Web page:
The funny thing about clouds is that not everything is designed to be up there. Birds, sure. They have wings, and can soar among the clouds. Airplanes? You bet…they have powerful engines meant to be up high.
But legacy applications? Not so much. Moving an app as-is to public IaaS or private cloud doesn’t mean it’s going to function as hoped for in the cloud environment.
So, what does it mean for an application to be “cloud-native”? Our guest Tony Bourke is going to help the Datanauts understand the fundamentals of applications designed to live in the cloud. Tony is a Cisco-certified IT instructor and he blogs at The Data Center Overlords.
Part 1 – Understanding Legacy Application Architecture
- The typical architecture of a Web application
- Pool members
- What happens when we want to scale out this infrastructure?
- More pool members
- Takes a while to use the new pool members. (Because stickiness)
- Statefulness is the big thing here
- TCP statefulness, sure, but that’s not the biggest deal
- Application state is the big deal, and the concern. (Again with the stickiness)
- Why is it a problem when we take an app with this design and move it to cloud infrastructure?
Part 2 – Understanding Cloud-Native Architecture
- Acknowledging that there is disagreement on the definition “cloud native.” Here are some other terms that are used in conjunction with “cloud native”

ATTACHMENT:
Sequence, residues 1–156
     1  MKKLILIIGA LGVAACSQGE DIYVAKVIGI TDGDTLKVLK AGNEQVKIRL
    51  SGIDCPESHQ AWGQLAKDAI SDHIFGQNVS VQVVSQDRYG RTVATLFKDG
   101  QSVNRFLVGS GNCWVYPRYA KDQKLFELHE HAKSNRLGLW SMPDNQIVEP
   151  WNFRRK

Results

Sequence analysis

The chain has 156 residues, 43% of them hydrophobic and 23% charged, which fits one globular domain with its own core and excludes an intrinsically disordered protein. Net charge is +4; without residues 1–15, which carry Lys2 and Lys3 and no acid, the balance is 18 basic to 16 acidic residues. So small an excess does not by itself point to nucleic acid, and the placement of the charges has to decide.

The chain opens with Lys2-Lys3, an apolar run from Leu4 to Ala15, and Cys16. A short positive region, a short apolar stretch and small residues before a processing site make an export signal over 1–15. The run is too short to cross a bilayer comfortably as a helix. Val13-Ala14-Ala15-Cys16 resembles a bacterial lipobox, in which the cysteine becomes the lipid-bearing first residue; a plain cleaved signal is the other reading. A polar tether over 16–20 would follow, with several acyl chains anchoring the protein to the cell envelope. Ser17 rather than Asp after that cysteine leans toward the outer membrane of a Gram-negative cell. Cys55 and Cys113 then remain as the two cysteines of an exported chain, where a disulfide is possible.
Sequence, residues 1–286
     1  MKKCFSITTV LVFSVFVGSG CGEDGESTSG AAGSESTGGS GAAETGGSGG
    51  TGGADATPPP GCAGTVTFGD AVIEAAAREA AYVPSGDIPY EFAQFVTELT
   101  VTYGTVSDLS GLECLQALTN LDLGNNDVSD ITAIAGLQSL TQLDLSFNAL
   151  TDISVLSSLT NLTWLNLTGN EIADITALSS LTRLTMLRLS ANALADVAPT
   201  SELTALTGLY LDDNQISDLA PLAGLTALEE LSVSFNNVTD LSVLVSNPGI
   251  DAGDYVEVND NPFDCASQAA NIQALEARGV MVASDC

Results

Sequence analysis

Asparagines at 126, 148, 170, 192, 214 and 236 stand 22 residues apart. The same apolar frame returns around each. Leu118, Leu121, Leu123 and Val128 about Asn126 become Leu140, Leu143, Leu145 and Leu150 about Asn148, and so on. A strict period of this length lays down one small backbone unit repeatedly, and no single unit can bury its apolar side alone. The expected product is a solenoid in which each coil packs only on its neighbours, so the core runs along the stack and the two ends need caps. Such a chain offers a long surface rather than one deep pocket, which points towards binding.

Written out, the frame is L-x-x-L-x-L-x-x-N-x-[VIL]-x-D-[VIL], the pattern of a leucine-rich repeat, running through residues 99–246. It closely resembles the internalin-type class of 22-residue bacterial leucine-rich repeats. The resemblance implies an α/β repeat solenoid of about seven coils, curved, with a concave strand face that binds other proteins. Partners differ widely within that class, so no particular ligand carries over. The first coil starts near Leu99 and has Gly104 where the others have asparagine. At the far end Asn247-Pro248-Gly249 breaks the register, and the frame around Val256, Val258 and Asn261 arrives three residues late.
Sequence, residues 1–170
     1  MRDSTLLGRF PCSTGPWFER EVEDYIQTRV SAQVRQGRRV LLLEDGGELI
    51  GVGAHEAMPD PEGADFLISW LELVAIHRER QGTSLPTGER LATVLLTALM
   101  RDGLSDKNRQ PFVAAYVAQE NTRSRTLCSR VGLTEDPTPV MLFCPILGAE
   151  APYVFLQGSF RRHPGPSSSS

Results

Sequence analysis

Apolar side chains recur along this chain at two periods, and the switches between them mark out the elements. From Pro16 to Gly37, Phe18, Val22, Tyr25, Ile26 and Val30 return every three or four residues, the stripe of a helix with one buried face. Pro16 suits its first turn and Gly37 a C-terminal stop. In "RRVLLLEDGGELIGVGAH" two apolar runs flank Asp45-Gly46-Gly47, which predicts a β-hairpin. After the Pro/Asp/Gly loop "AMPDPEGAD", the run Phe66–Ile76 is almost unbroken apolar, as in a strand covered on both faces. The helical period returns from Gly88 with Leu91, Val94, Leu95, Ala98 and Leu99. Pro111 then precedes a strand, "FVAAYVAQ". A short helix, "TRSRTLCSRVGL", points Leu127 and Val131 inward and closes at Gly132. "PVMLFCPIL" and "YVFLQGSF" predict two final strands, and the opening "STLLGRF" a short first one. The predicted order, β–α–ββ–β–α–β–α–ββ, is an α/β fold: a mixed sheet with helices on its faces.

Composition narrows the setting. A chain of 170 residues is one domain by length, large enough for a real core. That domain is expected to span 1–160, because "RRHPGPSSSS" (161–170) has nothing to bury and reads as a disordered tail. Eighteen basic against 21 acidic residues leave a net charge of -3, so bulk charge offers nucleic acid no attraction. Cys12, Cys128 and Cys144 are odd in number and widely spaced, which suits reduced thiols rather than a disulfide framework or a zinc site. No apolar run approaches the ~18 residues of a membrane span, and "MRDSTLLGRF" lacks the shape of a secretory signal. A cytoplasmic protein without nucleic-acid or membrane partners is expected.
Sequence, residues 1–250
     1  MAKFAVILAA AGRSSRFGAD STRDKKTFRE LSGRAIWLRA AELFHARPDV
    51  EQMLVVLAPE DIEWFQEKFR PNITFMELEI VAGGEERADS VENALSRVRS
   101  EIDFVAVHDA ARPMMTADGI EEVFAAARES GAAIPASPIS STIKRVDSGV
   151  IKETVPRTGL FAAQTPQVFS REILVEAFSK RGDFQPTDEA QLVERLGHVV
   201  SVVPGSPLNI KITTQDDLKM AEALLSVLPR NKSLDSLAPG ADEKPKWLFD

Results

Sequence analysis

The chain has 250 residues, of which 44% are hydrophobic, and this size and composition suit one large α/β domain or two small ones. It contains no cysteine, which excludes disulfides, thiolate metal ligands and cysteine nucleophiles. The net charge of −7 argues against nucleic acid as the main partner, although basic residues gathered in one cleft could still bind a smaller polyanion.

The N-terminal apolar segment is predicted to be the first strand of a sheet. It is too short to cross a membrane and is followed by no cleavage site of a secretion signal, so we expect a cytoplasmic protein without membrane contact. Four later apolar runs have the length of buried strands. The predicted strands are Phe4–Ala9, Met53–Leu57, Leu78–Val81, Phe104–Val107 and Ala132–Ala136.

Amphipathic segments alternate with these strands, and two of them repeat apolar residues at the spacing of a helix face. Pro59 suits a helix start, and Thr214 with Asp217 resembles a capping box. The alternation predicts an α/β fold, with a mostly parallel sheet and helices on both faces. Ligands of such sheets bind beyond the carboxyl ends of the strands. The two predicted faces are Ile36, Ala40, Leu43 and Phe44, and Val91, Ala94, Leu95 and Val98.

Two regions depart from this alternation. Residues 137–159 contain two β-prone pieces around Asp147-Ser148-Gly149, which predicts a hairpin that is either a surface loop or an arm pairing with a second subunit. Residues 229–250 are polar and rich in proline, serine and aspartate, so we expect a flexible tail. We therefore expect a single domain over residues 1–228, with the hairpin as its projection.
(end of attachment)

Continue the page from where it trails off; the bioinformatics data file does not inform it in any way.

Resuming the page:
- 12 Factor Applications (12factor.net)
- Mode 2 (from bi-modal IT)
- Third platform (Kit Colbert of VMware used this term)
- What defines the older-style applications?
- Mode 1
- Traditional applications
- What are characteristics of a “cloud-native” application?
- Horizontal scalability
- State is shared across nodes, so adding or removing nodes is seamless
- Does not rely on vmotion
- Typically involves continuous integration/continuous delivery (DevOps) for rapid deployment of new code
- Often (but is not required) runs on containers
- Closely aligned with microservices
- Tools that developers use to create these cloud-native applications
- Platforms as a Service
- Cisco Mantl
- Kubernetes (Google)
- Apache Mesos
- Pivotal Cloud Foundry
- Shared key/value pair stores
- Backend databases (NoSQL and SQL)
- Sharding support to handle scale of databases
- Sharding of data/applications
- Hashing algorithms (similar to how LAG works)
- Platforms as a Service
- The purpose of applications aren’t radically different just because they are now in the cloud
- We aren’t creating some fantastical world that’s hard to comprehend
- It’s still infrastructure we recognize. There’s still an HTTP server in there somewhere
- What changes need to be made to an application to become cloud native?
- Let’s get rid of that stickiness
- Let’s mirror state
- Now what happens when we need to scale out to service incoming requests?
Part 3 – Retooling Applications For Cloud
- How do we retool applications to become cloud-native? Do we even need to? How do we evaluate that?
- Are you bad at IT if you aren’t 100% cloud native with containers and microservices? The echo chamber seems to think so …
- Operational impact – what’s it like to be an infrastructure engineer in a cloud-native environment?
Netflix finishes its massive migration to the Amazon cloud – Ars Technica
Traditional vs Cloud Native Applications – Tony Bourke YouTube video
The Phoenix Project (Gene Kim’s book)
Migrating to Cloud Native with Microservices – Adrian Cockcroft (YouTube)
Docker and DevOps – Gene Kim (YouTube)
The Data Center Overlords – Tony Bourke’s blog